Squared Outline: Intelligence in 3*4

Three Motifs

Assuming that intelligence is the capacity to learn, three kind of motifs should be considered:

  • Data, for observations from the environment
  • Information, for structures and semantics applied to data
  • Knowledge, for information put to use 
The Fabric of Intelligence

That taxonomy neatly coincides with Spinoza’s philosophical one: data for senses and beliefs, information for reason, and knowledge for judgment..

Four Threads

Brains’ processing capacities can thus be defined by four cognitive operations:

  • Deduction: using observations (data) and models (information) to establish new facts
  • Induction: making hypothesises (knowledge) on the matching between models (information) and observations (data)
  • Abduction: assessing inductions
  • Intuition: making hypothesises (knowledge) from direct observations
Intelligence 3*4

Induction, deduction, and abduction may arguably be performed by artificial brains providing traceability; that’s not the case for intuition because it involves accountability.

Brains’ Capabilities

The 3*4 taxonomy of intelligence’s motifs and threads can then be used to characterize brains’ capabilities in terms of problem solving.

To begin with the representation of issues:

  • Symbolic representation can rely on functions (data), models (information), and semantic or conceptual graphs (explicit knowledge)
  • Alternatively, non symbolic representation can start with digits (data), documents (information), and neural networks (implicit knowledge)
Brains’ Capabilities

Problem solving itself will make use of:

  • Symbolic representation: deduction (data), induction (information), and abduction (knowledge)
  • Non symbolic representation: data analytics (data), pattern matching (information), and Machine learning (implicit knowledge)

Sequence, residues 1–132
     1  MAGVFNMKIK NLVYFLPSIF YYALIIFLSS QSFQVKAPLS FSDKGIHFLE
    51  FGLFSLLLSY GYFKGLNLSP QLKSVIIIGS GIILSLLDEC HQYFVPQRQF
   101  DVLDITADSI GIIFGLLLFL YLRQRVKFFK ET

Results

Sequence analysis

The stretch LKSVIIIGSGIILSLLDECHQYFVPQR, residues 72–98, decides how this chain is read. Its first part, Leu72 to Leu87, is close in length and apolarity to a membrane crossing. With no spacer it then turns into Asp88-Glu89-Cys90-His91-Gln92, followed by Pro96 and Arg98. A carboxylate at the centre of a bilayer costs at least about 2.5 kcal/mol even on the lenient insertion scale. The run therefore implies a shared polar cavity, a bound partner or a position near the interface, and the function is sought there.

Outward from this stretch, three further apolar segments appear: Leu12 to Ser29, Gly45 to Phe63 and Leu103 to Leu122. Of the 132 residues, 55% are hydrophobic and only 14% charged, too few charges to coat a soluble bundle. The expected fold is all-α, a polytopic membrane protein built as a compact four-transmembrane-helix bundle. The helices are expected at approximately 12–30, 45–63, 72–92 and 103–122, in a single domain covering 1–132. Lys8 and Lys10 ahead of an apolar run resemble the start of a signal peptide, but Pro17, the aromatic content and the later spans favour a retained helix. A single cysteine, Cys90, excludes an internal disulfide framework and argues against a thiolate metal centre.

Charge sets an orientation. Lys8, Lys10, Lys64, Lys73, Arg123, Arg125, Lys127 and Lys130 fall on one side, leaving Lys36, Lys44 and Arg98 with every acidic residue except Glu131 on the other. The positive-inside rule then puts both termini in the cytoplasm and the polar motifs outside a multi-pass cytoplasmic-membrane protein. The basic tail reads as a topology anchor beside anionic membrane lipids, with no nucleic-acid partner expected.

Capabilities can then be used to draw a line between natural and artificial brains.

Artificial vs Natural Brains

The enterprises immersion in digital environments combined with the ubiquity of Artificial intelligence and Machine learning technologies have put traceability and accountability on top of design issues; hence the need to set the limits of artificial brains:

  • Artificial brains can build and process symbolic and non symbolic representations
  • Artificial brains can solve problems applying logic and abstraction or 
    data analytics, respectively to symbolic and non symbolic representations
  • Like natural ones, artificial brains combine sensory-motor capabilities with purely cognitive ones
  • Like human ones, and apart from sensory-motor capabilities, artificial brains support a degree of cognitive plasticity and versatility between symbolic and non symbolic representation and processing.

While artificial brains’ capabilities appear to match human ones, that’s not the case fall when shortfalls in traceability (e.g., with abduction or intuitions) must be supplemented by judgements’ accountability.

FURTHER READING

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